Nike-sponsored athlete Colin Kaepernick complained to the sportswear giant, but there’s now a backlash against their withdrawal.
Nike has become embroiled in a racism row over a pair of special edition US Independence Day trainers.
The company has withdrawn the Air Max 1 Quick Strike Fourth of July trainer from stores after complaints it featured the Betsy Ross flag, which has associations with white nationalism.
Former NFL quarterback Colin Kaepernick, who is sponsored by Nike, was among the people to criticise the trainer.
But the decision to pull it from shops has not been universally applauded. The state of Arizona has withdrawn a $1million (£800,000) grant to help build a new Nike factory, with the governor claiming the company had bowed to political correctness.
The shoes feature the Betsy Ross flag on the heel, an old version of the US flag which features a ring of 13 stars, representing the country’s original 13 colonies.
It was created during the American Revolution, and was used as a symbol of independence from King George III of Britain.
However, this means it was also in use at a time when slavery was rife in America, and it was later adopted by the American Nazi party.
Today, its use is often associated with racism and white nationalism.
Nike reportedly decided to withdraw the trainer from stores after Kaepernick told the company he and others found the flag offensive because of its connection to an era of slavery, according to the Wall Street Journal.
Kaepernick was the face of Nike’s advertising campaign celebrating 30 years of its “Just Do It” slogan. His face featured on ads along with the words, “Believe in something. Even if it means sacrificing everything”.
The American footballer has not played in the NFL since 2016, after he spent the season protesting police brutality against black people by kneeling on the pitch during the national anthem. He has sued the league for colluding to keep him out.
Nike said in a statement: We regularly make business decisions to withdraw initiatives, products and services. Nike made the decision to halt distribution of the Air Max 1 Quick Strike Fourth of July based on concerns that it could unintentionally offend and detract from the nation’s patriotic holiday.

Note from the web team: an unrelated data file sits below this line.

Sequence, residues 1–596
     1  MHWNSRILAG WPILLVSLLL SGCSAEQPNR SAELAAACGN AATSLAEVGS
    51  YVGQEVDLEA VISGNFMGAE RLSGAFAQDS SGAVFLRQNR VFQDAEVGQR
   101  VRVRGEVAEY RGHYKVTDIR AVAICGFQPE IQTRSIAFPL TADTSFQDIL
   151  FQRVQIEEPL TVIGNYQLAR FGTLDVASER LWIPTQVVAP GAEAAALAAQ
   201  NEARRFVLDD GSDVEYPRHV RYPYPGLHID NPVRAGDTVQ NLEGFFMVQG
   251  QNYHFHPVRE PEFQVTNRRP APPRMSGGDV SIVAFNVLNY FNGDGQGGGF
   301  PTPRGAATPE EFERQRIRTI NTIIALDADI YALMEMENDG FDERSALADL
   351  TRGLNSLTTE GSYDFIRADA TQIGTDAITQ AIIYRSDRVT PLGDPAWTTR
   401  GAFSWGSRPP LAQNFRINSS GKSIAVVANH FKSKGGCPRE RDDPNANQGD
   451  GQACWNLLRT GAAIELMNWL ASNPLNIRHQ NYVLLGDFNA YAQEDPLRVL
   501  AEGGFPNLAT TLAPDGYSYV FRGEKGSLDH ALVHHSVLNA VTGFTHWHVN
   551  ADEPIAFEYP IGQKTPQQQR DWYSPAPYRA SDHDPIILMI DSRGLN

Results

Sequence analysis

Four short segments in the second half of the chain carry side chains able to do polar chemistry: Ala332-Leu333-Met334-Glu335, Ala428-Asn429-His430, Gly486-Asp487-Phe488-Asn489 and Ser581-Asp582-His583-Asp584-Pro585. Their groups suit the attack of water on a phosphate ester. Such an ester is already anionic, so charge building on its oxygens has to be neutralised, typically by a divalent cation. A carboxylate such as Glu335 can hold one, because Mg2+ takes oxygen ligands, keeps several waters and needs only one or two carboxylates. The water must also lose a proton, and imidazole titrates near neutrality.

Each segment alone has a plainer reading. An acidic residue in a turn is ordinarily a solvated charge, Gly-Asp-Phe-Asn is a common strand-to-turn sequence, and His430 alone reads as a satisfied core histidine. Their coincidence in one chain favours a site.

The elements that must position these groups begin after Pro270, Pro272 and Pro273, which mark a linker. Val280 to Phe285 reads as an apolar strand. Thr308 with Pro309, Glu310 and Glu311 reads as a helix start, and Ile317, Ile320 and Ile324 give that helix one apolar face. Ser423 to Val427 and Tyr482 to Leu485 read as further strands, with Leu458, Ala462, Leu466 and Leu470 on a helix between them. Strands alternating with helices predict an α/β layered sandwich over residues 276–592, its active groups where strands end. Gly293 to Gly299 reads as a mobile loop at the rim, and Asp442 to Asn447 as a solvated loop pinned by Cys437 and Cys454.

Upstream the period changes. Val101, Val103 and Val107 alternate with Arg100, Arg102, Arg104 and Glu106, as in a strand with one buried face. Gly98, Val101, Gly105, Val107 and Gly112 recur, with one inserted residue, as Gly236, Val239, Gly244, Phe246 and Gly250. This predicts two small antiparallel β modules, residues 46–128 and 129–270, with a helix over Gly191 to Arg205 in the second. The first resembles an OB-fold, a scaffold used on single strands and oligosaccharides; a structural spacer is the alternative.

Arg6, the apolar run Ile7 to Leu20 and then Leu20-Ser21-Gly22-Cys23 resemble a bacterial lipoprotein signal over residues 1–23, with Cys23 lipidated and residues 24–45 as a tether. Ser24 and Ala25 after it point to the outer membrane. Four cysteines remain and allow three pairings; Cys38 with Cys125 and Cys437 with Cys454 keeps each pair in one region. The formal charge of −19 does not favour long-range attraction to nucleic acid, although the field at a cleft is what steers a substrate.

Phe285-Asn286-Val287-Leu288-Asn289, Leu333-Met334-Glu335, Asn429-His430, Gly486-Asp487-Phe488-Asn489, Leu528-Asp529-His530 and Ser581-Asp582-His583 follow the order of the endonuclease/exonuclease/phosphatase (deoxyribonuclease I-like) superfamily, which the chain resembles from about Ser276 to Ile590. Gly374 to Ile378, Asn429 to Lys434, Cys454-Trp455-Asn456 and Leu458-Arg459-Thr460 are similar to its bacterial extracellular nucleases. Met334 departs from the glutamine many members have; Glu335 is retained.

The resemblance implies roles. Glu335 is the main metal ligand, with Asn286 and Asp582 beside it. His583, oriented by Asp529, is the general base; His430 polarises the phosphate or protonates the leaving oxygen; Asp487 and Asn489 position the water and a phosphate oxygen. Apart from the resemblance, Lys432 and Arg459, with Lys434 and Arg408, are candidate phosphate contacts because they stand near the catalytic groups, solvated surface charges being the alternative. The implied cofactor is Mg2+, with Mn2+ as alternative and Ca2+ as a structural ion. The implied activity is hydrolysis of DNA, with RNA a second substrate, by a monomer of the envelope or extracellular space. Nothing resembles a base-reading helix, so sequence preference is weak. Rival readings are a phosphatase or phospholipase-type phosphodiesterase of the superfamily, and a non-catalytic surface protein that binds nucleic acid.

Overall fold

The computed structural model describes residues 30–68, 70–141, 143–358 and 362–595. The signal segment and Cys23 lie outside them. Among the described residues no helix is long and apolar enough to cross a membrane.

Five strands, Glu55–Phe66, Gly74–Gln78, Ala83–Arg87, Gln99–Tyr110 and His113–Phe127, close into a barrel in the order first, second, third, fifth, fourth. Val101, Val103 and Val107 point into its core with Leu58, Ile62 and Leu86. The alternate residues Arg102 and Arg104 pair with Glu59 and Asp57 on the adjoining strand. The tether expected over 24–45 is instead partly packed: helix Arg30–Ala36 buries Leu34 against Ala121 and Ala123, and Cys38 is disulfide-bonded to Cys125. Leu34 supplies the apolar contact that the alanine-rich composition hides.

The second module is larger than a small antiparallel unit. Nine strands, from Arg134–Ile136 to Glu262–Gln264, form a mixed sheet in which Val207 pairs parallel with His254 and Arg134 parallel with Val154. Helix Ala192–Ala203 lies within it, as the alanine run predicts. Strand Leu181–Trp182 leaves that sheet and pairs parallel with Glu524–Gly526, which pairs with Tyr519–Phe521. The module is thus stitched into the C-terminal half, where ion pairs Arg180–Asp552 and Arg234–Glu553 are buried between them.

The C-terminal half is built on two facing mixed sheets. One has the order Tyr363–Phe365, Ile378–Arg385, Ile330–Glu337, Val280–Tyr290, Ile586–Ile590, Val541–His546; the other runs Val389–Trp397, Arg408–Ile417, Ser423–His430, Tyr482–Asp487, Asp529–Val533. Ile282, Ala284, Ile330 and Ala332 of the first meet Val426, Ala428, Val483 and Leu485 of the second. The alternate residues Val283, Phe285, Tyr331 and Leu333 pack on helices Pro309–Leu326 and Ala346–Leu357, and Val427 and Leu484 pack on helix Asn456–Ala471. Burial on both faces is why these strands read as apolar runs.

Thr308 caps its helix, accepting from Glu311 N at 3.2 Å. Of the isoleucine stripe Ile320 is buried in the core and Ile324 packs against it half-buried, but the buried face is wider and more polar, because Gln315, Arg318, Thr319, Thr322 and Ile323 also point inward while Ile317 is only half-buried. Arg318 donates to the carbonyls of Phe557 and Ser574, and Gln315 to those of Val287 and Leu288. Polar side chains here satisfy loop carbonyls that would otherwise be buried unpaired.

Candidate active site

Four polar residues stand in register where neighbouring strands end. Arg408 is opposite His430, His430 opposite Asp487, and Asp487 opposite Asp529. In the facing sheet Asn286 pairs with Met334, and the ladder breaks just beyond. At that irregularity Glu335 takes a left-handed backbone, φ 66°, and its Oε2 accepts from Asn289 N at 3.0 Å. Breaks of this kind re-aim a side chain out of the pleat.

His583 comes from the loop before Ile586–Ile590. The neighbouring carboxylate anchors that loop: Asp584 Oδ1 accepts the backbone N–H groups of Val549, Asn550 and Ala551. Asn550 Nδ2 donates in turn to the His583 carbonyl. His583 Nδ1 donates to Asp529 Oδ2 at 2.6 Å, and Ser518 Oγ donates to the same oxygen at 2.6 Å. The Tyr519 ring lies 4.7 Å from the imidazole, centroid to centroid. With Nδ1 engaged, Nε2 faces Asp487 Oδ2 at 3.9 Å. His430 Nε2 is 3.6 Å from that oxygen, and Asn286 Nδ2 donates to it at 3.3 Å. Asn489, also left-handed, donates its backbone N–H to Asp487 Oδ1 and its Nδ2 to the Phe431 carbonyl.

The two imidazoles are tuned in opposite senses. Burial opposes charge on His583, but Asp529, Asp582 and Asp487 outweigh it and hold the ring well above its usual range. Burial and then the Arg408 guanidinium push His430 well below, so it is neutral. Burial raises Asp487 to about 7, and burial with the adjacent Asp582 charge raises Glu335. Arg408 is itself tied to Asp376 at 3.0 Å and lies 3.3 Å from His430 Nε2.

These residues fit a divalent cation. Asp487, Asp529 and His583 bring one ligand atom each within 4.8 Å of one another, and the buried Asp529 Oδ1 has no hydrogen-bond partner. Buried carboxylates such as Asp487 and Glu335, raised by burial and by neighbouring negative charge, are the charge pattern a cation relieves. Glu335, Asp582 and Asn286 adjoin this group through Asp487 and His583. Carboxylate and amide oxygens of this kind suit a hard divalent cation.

Nike is a company proud of its American heritage and our continued engagement supporting thousands of American athletes including the US Olympic team and US Soccer teams.
We already employ 35,000 people in the US and remain committed to creating jobs in the US, including a significant investment in an additional manufacturing centre which will create 500 new jobs.
Despite no longer being available in stores or on the Nike website, the trainers have been selling for as much as £1,500 (£1,190) on online trainer marketplace StockX.
Arizona’s governor, the Republican Doug Ducey, has heavily criticised Nike for pulling the trainers on Twitter. The governor’s office later confirmed $1m of state funding to help secure a Nike factory is built in the state, near Phoenix, is being withdrawn.
He said: Words cannot express my disappointment at this terrible decision. I am embarrassed for Nike.
Instead of celebrating American history the week of our nation’s independence, Nike has apparently decided that Betsy Ross is unworthy, and has bowed to the current onslaught of political correctness and historical revisionism.
Texas senator Ted Cruz also took aim at Nike, saying it only wants to sell sneakers to people who hate the American flag.
The factory was set to create 500 jobs in Arizona. Nike is yet to confirm whether it still plans to build the plant in the state.